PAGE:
Obligatory plug: We do case management software in addition to on-site support (in California). Check out MerusCase, the Superior Case Management System.


  • Rachel

    Hello Mr. Houchin,
    I am currently a high school junior in Cupertino, CA. I’m thinking about going for law for my major, but I’m still skeptical of how happy I would be in life as a lawyer. Situated in the heart of Silicon Valley, I go to a VERY competitive and distinguished public school that has curriculum similar to that of college. I am wondering how college and law school for you was. I know that schools such as Ivy universities are extremely tough, but how tough, exactly (given that I go to a pretty “tough” highschool myself)? And how happy, to your knowledge, are most lawyers you meet? Is life usually stressful and all-work, no play? I have always been interested in speech, debate, discussions, etc. and still have yet to decide my major. Could you please explain to me, however you can, just how life is as a typical lawyer? And, as a practicing and experienced lawyer, tell me which minors (and skills) are most helpful to most lawyers (possibly patent law, as I live just minutes away from large companies such as Apple, Oracle, Google, etc- I’m still new to this, however, so I’m still exploring the different types of lawyers)?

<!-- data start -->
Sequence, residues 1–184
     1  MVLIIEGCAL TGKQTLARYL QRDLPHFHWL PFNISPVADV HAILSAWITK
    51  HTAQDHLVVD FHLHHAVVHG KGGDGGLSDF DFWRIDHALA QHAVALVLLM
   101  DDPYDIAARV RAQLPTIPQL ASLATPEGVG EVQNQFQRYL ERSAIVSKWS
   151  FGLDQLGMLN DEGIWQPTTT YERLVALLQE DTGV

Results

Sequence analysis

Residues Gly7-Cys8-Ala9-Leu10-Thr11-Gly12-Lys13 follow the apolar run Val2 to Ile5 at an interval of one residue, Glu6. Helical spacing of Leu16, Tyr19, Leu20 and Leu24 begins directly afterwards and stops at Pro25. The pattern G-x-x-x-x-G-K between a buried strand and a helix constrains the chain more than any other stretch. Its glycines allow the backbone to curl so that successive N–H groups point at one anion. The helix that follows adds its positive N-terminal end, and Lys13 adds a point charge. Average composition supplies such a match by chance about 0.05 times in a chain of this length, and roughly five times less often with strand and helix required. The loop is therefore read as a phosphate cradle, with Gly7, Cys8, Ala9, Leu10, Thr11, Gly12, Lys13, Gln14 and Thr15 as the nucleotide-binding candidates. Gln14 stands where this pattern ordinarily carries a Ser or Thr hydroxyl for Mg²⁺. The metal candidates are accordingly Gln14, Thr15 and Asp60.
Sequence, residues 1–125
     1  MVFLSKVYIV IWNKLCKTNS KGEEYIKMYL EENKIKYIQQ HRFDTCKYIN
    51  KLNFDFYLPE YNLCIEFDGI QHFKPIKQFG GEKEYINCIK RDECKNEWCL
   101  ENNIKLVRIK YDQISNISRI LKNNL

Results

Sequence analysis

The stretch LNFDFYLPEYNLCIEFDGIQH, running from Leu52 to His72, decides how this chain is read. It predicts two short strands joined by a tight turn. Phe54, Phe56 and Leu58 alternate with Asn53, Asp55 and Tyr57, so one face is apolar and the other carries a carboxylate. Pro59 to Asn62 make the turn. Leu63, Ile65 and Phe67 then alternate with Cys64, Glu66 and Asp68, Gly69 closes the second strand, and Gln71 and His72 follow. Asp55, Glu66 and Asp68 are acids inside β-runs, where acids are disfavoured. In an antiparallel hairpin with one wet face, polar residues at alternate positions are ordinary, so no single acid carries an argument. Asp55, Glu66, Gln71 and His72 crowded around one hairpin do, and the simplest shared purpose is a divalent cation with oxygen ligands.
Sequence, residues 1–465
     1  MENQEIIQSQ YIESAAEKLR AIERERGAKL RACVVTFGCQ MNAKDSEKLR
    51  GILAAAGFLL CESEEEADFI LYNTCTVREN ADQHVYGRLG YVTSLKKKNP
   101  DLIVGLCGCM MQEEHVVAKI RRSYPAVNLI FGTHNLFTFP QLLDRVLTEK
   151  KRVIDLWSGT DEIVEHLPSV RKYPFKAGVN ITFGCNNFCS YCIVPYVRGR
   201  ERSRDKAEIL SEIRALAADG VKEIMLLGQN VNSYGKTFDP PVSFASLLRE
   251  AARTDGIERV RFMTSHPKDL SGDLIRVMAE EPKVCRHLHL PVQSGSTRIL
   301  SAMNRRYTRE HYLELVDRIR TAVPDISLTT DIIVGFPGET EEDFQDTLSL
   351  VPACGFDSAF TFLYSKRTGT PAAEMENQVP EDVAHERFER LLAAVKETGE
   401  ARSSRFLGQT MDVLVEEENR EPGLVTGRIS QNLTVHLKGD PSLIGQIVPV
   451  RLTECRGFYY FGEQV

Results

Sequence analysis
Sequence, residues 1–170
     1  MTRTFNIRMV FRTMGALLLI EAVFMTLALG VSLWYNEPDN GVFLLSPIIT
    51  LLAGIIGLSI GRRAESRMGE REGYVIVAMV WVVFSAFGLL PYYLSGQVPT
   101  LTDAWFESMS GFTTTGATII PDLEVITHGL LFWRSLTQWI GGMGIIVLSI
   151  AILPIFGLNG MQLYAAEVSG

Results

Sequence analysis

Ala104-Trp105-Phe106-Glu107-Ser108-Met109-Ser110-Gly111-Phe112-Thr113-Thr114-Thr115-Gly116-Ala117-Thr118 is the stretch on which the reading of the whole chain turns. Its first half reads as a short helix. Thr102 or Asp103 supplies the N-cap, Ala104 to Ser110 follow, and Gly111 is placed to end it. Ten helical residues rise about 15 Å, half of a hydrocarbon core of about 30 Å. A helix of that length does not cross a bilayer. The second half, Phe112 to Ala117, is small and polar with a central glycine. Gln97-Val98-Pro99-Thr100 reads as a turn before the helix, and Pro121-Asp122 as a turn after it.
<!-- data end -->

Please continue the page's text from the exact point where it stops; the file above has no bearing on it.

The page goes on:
Also, I understand that my questions may be somewhat vague, so difficulty answering them is completely understandable.

    Thank you very much! I appreciate any amount of time and effort answering this. (:
    – Rachel

  • Lawgirl

    One of the issues I am curious about is how you get clients to pay you every month or how you quickly withdraw once they stop? I work solely in family law, the major problem is that once the retainer runs out, 90% of the time the client quits paying or start paying a ridiculously low payment per month (ex. $40) per month. Eventually these clients end up filing for bankruptcy and having our unsecured debt discharged. How do you get your clients to actually pay you? How quickly do you withdraw? More information in this area would be extremely helpful. I love the idea, I am simply unsure about how to implement the system properly.

    • Accept credit cards.

      And if you aren’t paid, withdraw. Make it clear to your clients that if they are more than 10 days late on a payment, you will immediately withdraw. Better yet, write it into your retainer that they may terminate your relationship at any time by not paying your invoice. If they are late, they are indicating that they’ve fired you, and you must then withdraw.